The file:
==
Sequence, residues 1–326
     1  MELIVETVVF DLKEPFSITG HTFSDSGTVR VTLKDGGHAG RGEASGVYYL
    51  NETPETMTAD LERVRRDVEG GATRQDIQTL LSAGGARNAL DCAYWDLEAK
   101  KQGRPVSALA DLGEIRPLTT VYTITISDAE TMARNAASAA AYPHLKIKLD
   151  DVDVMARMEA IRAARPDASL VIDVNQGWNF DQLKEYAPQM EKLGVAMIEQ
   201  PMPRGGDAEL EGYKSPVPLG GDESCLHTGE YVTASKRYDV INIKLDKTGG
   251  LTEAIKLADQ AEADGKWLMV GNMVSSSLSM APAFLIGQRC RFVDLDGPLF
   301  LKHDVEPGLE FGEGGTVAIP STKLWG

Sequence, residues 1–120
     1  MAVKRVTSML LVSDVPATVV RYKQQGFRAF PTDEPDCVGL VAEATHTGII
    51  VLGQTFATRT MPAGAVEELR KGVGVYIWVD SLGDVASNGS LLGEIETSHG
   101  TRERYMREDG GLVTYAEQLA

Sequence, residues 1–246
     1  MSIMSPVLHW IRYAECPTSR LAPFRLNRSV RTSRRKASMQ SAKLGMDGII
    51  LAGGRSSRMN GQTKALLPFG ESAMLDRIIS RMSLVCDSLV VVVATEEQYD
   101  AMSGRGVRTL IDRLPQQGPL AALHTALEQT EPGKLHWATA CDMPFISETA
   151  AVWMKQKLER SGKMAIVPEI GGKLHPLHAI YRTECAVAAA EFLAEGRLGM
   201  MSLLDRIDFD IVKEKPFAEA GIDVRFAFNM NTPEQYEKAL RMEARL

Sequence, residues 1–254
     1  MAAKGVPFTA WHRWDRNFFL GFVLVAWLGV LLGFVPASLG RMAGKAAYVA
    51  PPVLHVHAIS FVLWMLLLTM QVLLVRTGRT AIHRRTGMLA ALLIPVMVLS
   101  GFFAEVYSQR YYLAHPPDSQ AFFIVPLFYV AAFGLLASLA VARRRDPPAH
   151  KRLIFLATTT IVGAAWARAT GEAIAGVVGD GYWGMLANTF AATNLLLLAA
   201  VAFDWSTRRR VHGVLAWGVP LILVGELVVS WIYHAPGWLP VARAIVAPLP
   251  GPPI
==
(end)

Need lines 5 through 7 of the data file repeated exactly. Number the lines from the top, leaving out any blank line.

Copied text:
   151  DVDVMARMEA IRAARPDASL VIDVNQGWNF DQLKEYAPQM EKLGVAMIEQ
   201  PMPRGGDAEL EGYKSPVPLG GDESCLHTGE YVTASKRYDV INIKLDKTGG
   251  LTEAIKLADQ AEADGKWLMV GNMVSSSLSM APAFLIGQRC RFVDLDGPLF